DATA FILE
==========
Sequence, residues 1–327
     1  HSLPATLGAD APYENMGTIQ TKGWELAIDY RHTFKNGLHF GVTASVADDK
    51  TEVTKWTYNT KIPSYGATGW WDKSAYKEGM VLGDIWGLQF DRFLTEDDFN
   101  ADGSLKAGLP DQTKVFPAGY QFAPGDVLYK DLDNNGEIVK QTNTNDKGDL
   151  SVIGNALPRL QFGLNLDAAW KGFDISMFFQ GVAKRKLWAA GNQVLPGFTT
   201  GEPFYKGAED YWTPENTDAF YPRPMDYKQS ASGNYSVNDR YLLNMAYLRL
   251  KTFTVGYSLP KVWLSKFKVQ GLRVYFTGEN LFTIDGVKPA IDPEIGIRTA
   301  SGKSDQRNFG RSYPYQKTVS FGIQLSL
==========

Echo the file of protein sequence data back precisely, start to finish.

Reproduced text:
Sequence, residues 1–327
     1  HSLPATLGAD APYENMGTIQ TKGWELAIDY RHTFKNGLHF GVTASVADDK
    51  TEVTKWTYNT KIPSYGATGW WDKSAYKEGM VLGDIWGLQF DRFLTEDDFN
   101  ADGSLKAGLP DQTKVFPAGY QFAPGDVLYK DLDNNGEIVK QTNTNDKGDL
   151  SVIGNALPRL QFGLNLDAAW KGFDISMFFQ GVAKRKLWAA GNQVLPGFTT
   201  GEPFYKGAED YWTPENTDAF YPRPMDYKQS ASGNYSVNDR YLLNMAYLRL
   251  KTFTVGYSLP KVWLSKFKVQ GLRVYFTGEN LFTIDGVKPA IDPEIGIRTA
   301  SGKSDQRNFG RSYPYQKTVS FGIQLSL